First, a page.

The Obedient Son to Earthly Parents
And being found in fashion as a man, he humbled himself. Philippians 2:8.
How great must be the humiliation of the Son of God, that He should live in the despised and wicked town of Nazareth. The most holy place upon earth would have been greatly honored by the presence of the world’s Redeemer a single year. The palaces of kings would have been exalted to receive Christ as a guest. But the Redeemer of the world passed by the courts of royalty and made His home in a humble mountain village for 30 years, thus conferring distinction upon despised Nazareth.
The Redeemer of the world passed up and down the hills and mountains, from the great plain to the mountain valley. He enjoyed nature’s beautiful scenery. He was delighted with the fields glowing with the beautiful flowers, and in listening to the birds of the air, and uniting His voice with them in their happy songs of praise. The groves and mountains were His places of retreat for prayer, and frequently whole nights were spent in communion with His Father.
Notwithstanding the sacred mission of Christ, His exalted relationship with God, of which He was fully aware, He was not above performing the practical duties of life. He was the Creator of the world, and yet He acknowledged His obligation to His earthly parents, and at the call of duty, in compliance with the wishes of His parents, He returned with them from Jerusalem after the Passover, and was subject unto them.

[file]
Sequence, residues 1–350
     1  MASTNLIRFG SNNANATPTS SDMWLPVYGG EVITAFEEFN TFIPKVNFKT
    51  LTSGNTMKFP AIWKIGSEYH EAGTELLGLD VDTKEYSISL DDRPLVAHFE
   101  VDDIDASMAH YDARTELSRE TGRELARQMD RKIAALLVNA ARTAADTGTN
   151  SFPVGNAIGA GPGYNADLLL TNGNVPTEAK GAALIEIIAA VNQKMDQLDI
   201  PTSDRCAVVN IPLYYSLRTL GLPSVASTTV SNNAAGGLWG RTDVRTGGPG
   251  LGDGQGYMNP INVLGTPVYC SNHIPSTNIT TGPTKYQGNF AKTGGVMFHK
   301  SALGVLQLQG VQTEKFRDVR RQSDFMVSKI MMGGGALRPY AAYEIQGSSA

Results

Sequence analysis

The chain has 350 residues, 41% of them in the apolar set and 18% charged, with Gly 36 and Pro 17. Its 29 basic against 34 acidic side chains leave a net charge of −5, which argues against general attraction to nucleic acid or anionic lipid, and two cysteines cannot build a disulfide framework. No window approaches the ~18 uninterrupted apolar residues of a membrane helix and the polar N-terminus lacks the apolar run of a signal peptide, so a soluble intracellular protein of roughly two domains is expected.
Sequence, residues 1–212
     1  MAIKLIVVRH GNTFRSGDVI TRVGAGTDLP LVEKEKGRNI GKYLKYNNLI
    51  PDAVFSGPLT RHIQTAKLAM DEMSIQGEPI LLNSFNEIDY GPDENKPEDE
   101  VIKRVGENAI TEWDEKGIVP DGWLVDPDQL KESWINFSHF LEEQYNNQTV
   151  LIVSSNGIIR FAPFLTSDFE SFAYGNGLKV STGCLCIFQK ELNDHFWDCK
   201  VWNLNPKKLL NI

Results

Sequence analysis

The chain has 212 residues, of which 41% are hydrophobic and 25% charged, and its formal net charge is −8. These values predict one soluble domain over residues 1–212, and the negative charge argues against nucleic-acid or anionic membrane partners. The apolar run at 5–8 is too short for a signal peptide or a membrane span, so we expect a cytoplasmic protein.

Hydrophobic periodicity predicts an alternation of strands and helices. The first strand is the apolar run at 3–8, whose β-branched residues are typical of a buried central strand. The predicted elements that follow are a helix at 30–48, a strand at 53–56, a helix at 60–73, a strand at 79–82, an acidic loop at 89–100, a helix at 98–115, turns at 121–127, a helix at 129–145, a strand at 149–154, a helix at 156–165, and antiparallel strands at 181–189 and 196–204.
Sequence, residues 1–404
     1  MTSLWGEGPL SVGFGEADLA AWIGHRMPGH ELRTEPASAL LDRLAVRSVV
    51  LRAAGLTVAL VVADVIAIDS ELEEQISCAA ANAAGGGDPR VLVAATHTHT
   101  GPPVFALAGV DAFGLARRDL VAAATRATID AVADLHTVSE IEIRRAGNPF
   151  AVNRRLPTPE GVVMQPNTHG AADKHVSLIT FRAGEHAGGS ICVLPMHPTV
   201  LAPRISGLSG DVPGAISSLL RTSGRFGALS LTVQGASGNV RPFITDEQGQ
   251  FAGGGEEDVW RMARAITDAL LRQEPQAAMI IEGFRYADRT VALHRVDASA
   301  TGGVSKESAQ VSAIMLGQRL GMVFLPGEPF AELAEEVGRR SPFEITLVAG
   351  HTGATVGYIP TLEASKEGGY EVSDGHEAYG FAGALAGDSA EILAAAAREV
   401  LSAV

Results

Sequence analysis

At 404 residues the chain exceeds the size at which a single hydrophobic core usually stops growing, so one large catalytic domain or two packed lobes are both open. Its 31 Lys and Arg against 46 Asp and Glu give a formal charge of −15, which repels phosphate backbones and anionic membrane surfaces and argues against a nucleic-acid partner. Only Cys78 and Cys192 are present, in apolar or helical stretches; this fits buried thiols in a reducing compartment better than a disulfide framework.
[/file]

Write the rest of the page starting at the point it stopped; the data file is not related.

He submitted to restraints of parental authority, and acknowledged the obligations of a son, a brother, friend, and citizen. He discharged His duties to His earthly parents with respectful courtesy. He was the Majesty of heaven. He had been the great commander in heaven. Angels loved to do His bidding. And now He was a willing servant, a cheerful, obedient son.
Jesus was not turned aside by any influence from the faithful service expected of a son. He did not aim to do anything remarkable to distinguish Himself from other youth, or to proclaim His heavenly birth. Even His friends and relatives, in all the years that Christ’s life was passed among them, saw no special marks of His divinity. Christ was sedate, self-denying, gentle, cheerful, kind, and ever obedient. He avoided display, but was firm as a rock to principle.
In the little notice given of His childhood and youthful life is an example for parents as well as children, that the more quiet and unnoticed the period of childhood and youth is passed, and the more natural and free from artificial excitement, the more safe will it be for the children, and the more favorable for the formation of a character of purity, natural simplicity, and true moral worth.
Portions of this post are taken from “The Youth Instructor” February 1, 1873.